The Paradox of the Crowd

The Paradox of the Crowd

Sometimes you’re surrounded by hundreds of people in every direction, but you feel alone.

Last night was the home opener for the Franklin High School football team, playing against its rival Brentwood I arrived a little after the start with my 12-year-old daughter Olivia and her friend Grace, and we parked far away and walked across the grassy east side of the campus and around the stadium, finally getting to the entrance where a long line of people were still waiting to buy $7 tickets for admission. Once we went inside the girls happily took off to join other middle schoolers. My older daughter, 17-year-old Aly, was in another part of the stadium with her own friends, and I did not see her the entire night (but we did text).

I weaved in and out of the adults, young and old, who were watching the game or talking among themselves along the perimeter surrounding the north end zone. And a familiar but unsettling sensation bubbled up inside of me. I felt as if I were back in my own middle school, feeling a bit detached, wanting to be noticed and yet at the same time desiring to be left alone in my awkward geek-dom. High school was quite a bit better, but still loaded with that frequent observation of being alone in the crowd. And I’ve felt it almost every time I’ve come to an event at one of my daughter’s schools during the past five years; these post-marriage years, the era of making my way and figuring things out as a single dad, a time of both tremendous growth and cathartic pain.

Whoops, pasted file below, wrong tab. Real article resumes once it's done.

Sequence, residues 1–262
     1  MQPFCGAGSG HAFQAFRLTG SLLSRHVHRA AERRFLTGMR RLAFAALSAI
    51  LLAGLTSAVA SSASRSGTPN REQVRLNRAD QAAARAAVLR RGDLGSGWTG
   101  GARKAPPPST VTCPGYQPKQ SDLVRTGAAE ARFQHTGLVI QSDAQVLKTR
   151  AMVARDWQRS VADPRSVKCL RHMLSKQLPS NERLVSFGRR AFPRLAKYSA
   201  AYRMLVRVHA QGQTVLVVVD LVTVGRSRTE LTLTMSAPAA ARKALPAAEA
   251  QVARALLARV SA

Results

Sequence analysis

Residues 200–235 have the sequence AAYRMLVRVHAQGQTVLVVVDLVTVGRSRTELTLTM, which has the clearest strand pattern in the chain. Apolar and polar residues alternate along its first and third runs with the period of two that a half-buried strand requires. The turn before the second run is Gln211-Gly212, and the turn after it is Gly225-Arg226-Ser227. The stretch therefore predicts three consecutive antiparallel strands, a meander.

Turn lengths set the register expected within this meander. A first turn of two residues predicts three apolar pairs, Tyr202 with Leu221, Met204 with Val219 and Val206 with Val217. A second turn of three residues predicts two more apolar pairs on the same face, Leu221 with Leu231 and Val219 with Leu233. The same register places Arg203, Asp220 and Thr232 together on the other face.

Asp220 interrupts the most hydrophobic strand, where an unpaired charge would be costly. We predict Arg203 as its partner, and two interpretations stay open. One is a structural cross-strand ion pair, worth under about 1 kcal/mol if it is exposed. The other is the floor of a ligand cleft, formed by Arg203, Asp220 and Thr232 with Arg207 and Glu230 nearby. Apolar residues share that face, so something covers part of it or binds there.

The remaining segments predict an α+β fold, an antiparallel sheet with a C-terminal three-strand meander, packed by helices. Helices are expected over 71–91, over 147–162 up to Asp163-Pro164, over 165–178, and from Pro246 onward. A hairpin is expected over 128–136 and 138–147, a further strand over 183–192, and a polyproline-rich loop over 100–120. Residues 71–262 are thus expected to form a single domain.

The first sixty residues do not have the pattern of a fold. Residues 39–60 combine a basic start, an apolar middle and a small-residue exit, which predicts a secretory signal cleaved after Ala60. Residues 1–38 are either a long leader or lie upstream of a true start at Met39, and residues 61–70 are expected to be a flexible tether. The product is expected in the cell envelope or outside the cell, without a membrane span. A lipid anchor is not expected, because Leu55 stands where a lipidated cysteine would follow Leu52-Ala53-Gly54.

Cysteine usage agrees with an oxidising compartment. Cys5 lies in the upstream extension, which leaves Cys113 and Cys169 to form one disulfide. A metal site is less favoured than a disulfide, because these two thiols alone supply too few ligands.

It’s funny how the professional and personal things you accomplish in life, and the deepening awareness you experience across the decades, do not fully dissolve those little souvenirs that remain from your formative years. Such remnants differ for each person. For me it’s that pervasive sense of loneliness that likes to occasionally remind me that I’m still frail and human and fuels my empathy for others. For many people the pain, and possible trauma, that they’ve carried with them might be far more intense. Perhaps I should be grateful for the ability, as a white male of significant privilege when compared to much of the country and the world, to have the ability to simply be invisible when I want to be.

By the end of the first quarter I found my newer friend Wayne, whose daughter cheers with Olivia at the middle school. We hung out and chit-chatted for the duration of my time there. I’m always grateful for a friend. It usually only takes one interested person to lift my spirits and help me to feel that connection that can be so elusive at times.

I hope I’m cognizant of the numerous moments across a day when someone else needs me to be that interested person, and I give them the gift of such connection.